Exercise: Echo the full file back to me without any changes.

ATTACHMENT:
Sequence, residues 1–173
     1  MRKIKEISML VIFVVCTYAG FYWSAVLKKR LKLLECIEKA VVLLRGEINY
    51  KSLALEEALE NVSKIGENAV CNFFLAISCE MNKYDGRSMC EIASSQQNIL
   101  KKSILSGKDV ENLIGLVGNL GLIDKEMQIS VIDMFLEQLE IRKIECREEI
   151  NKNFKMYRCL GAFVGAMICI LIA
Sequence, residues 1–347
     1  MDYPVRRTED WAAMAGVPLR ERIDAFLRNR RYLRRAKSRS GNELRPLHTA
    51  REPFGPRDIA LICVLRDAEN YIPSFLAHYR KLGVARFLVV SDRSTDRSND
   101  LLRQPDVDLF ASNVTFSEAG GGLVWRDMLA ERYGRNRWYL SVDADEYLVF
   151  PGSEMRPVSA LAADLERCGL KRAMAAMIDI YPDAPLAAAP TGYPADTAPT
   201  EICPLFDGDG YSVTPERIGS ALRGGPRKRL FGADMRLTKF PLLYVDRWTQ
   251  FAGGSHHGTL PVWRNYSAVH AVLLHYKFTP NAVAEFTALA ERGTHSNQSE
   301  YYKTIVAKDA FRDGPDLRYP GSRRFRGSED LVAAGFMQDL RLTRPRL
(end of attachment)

Sequence, residues 1–173
     1  MRKIKEISML VIFVVCTYAG FYWSAVLKKR LKLLECIEKA VVLLRGEINY
    51  KSLALEEALE NVSKIGENAV CNFFLAISCE MNKYDGRSMC EIASSQQNIL
   101  KKSILSGKDV ENLIGLVGNL GLIDKEMQIS VIDMFLEQLE IRKIECREEI
   151  NKNFKMYRCL GAFVGAMICI LIA
Sequence, residues 1–347
     1  MDYPVRRTED WAAMAGVPLR ERIDAFLRNR RYLRRAKSRS GNELRPLHTA
    51  REPFGPRDIA LICVLRDAEN YIPSFLAHYR KLGVARFLVV SDRSTDRSND
   101  LLRQPDVDLF ASNVTFSEAG GGLVWRDMLA ERYGRNRWYL SVDADEYLVF
   151  PGSEMRPVSA LAADLERCGL KRAMAAMIDI YPDAPLAAAP TGYPADTAPT
   201  EICPLFDGDG YSVTPERIGS ALRGGPRKRL FGADMRLTKF PLLYVDRWTQ
   251  FAGGSHHGTL PVWRNYSAVH AVLLHYKFTP NAVAEFTALA ERGTHSNQSE
   301  YYKTIVAKDA FRDGPDLRYP GSRRFRGSED LVAAGFMQDL RLTRPRL